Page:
Land innovations to foster rural regeneration and generational renewal in Europe

In a new report submitted to the European Commission in October [1], the RURALIZATION consortium tackles the question of innovative land practices. Documenting 64 innovative practices across 14 European countries, the study explores how a variety of actors—farmers themselves but also citizens, local authorities, rural development organisations, and others—work for a better access to land and preservation of farmland in Europe.

The report proposes a cutting-edge analytical framework, showing how the innovative practices act along an “access to land” pathway; from helping train and shape new farming candidates, to organising better farmland accessibility, promoting secure land access for individual farmers and sustainable farming, and working to render agriculture viable and attractive.

These practices all contribute to an integrated, wide-encompassing vision of “access to land”, where small-scale and sustainable farms are given support to endure and to become, in the long run, accessible to a new generation of European farmers.

Between September and October 2020, the report’s analytical framework and preliminary conclusions were put in discussion in a series of meetings with stakeholders including 1) institutional actors, notably members of national rural networks; 2) practitioners, in particular national platforms on access to land or sustainable agriculture; and 3) researchers.

A representation of the Access to Land pathway © RURALIZATION

A total of 61 organisations across eight countries were consulted. In addition to generating national debate and engagement on the RURALIZATION problematics, the meetings helped review and enrich the report’s content. The three main results highlighted from this research are the following:

  1. Innovative land practices do not act equally on all types of land. In particular, land is more easily leveraged for the development of practices when it is already used for sustainable farming or that is managed by actors “close” to the practices—e.g. actors sharing the same goals or belonging to the same networks.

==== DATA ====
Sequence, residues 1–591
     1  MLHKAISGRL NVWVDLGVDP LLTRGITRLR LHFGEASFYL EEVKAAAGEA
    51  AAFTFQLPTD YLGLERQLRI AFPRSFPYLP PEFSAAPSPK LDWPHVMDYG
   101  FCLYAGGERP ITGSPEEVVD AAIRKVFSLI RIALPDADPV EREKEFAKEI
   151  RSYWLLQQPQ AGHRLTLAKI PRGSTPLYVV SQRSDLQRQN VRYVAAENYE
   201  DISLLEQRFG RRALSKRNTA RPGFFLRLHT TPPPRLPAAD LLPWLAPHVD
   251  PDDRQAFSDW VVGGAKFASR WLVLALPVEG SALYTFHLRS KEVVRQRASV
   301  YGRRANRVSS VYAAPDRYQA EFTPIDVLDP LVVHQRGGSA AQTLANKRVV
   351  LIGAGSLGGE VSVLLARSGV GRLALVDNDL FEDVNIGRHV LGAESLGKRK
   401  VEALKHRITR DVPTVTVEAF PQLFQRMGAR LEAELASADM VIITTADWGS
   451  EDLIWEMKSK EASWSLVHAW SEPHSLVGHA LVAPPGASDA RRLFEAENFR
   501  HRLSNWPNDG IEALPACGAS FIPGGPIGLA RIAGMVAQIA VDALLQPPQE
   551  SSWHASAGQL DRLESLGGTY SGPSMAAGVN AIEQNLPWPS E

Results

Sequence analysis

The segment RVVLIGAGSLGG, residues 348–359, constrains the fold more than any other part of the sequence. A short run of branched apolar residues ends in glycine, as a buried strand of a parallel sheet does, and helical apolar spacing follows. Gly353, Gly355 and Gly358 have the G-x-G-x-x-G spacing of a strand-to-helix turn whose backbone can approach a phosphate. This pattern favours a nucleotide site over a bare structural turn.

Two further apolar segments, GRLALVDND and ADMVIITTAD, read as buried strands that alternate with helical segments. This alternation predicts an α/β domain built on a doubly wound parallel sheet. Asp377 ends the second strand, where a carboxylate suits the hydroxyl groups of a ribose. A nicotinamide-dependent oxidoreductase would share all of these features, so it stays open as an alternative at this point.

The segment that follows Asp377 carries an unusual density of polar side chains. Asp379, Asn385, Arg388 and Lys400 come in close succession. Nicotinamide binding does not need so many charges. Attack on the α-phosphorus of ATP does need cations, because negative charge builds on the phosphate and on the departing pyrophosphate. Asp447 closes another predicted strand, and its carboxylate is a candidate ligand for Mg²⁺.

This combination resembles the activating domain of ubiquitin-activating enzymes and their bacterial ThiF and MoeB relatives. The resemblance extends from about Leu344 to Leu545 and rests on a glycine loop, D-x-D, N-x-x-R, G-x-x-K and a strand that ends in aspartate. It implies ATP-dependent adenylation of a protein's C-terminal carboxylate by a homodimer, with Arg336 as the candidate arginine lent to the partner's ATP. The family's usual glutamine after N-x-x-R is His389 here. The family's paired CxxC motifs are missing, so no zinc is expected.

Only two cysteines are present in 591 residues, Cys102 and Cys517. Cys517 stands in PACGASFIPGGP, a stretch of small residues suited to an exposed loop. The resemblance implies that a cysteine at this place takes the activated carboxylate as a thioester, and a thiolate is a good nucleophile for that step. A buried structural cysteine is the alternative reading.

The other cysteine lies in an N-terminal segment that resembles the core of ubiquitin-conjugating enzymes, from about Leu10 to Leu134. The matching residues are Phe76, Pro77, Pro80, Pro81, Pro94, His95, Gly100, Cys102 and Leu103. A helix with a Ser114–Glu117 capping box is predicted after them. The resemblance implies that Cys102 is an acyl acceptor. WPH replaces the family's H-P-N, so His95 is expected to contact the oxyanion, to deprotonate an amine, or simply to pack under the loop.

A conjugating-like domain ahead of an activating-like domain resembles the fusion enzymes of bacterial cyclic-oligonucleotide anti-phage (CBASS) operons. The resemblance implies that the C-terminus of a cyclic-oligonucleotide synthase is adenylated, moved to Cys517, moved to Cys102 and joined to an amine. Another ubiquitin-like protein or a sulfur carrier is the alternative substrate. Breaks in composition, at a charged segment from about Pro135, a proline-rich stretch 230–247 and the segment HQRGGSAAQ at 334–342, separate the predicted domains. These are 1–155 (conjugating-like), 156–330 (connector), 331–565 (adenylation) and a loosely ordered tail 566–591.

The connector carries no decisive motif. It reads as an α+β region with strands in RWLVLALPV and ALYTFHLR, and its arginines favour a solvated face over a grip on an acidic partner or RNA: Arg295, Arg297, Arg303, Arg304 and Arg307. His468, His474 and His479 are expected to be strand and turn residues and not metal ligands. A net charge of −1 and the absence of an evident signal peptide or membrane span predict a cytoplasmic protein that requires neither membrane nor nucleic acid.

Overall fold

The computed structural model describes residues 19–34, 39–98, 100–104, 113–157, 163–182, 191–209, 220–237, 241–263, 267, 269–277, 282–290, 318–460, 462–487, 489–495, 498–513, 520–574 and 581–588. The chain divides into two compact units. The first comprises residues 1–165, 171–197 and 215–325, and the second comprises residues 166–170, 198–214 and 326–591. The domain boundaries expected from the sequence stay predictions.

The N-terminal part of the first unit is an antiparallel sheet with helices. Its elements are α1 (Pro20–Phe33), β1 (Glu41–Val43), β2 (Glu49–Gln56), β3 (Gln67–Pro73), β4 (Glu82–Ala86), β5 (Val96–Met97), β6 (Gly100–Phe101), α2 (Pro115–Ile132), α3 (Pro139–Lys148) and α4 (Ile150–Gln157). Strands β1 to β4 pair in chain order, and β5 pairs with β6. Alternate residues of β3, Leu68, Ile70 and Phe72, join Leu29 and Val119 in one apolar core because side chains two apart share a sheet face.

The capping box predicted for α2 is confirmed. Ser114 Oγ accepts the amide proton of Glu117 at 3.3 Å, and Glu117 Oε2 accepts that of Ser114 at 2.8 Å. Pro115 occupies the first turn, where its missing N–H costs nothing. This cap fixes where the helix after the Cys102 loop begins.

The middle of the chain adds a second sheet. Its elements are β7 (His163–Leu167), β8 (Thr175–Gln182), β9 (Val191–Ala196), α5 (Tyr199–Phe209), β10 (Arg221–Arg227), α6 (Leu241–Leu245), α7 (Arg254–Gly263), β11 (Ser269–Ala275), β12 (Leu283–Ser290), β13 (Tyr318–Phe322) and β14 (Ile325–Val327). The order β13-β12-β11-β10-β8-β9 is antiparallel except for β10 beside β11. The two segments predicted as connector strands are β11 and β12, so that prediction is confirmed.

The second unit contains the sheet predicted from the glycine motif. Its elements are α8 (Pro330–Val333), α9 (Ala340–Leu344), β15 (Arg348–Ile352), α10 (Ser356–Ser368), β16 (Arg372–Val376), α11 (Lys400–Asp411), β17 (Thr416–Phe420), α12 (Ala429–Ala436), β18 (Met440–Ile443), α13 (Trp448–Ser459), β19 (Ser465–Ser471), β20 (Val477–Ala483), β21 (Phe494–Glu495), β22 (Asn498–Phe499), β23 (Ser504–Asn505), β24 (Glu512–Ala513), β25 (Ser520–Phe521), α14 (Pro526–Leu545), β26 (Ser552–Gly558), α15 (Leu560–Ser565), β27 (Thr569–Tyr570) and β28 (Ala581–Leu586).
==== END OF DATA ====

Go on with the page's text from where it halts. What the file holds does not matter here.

2. Human and social capital is central to the development of innovative land practices. On average, the practices studied work with over 10 different types of partners each. They also place emphasis on generating more human and social capital through training, network building, and sensitising actions to involve a wider community of people in work for access to land.
  3. Access to land as promoted by these practices is a lever for rural regeneration and generational renewal. The practices documented in the study have a “systemic” impact, going beyond the agricultural sphere alone and encouraging local areas’ wider economic, social and environmental regeneration. Thus, in addition to the direct support practices provide to new farmers, they improve the general environment for new generations to settle in rural areas.

In conclusion, the report outlines potential solutions for the transfer and upscale of these innovations, such as adapting land regulation and CAP frameworks to better foster new entrants’ access to land, or boosting the role of local authorities and strengthening human capital on these issues. The report also describes a series of issues needing further research such as gender inequality in access to land.

In a next phase of work, RURALIZATION partners will use the study’s findings to develop in-depth pilot actions on emerging land topics to continue fostering a process of rural regeneration in Europe.

[1] The report will be made available on the RURALIZATION website soon, once formally approved by the European Commission.

Alice Martin-Prével

Terre de Liens